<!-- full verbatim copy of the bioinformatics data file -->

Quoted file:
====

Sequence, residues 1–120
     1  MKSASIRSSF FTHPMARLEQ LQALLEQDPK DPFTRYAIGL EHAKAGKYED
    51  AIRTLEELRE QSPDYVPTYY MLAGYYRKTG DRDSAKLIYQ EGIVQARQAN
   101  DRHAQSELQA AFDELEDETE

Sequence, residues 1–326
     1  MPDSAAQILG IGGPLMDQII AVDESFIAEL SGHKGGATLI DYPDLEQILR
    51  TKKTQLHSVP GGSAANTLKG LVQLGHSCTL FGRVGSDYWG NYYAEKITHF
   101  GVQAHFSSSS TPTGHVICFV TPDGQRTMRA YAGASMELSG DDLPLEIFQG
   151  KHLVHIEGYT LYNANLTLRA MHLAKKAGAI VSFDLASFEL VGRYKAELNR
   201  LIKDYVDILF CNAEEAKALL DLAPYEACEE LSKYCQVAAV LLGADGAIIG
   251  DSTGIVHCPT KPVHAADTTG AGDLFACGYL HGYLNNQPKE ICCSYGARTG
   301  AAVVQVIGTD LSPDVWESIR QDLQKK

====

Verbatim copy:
Sequence, residues 1–120
     1  MKSASIRSSF FTHPMARLEQ LQALLEQDPK DPFTRYAIGL EHAKAGKYED
    51  AIRTLEELRE QSPDYVPTYY MLAGYYRKTG DRDSAKLIYQ EGIVQARQAN
   101  DRHAQSELQA AFDELEDETE

Sequence, residues 1–326
     1  MPDSAAQILG IGGPLMDQII AVDESFIAEL SGHKGGATLI DYPDLEQILR
    51  TKKTQLHSVP GGSAANTLKG LVQLGHSCTL FGRVGSDYWG NYYAEKITHF
   101  GVQAHFSSSS TPTGHVICFV TPDGQRTMRA YAGASMELSG DDLPLEIFQG
   151  KHLVHIEGYT LYNANLTLRA MHLAKKAGAI VSFDLASFEL VGRYKAELNR
   201  LIKDYVDILF CNAEEAKALL DLAPYEACEE LSKYCQVAAV LLGADGAIIG
   251  DSTGIVHCPT KPVHAADTTG AGDLFACGYL HGYLNNQPKE ICCSYGARTG
   301  AAVVQVIGTD LSPDVWESIR QDLQKK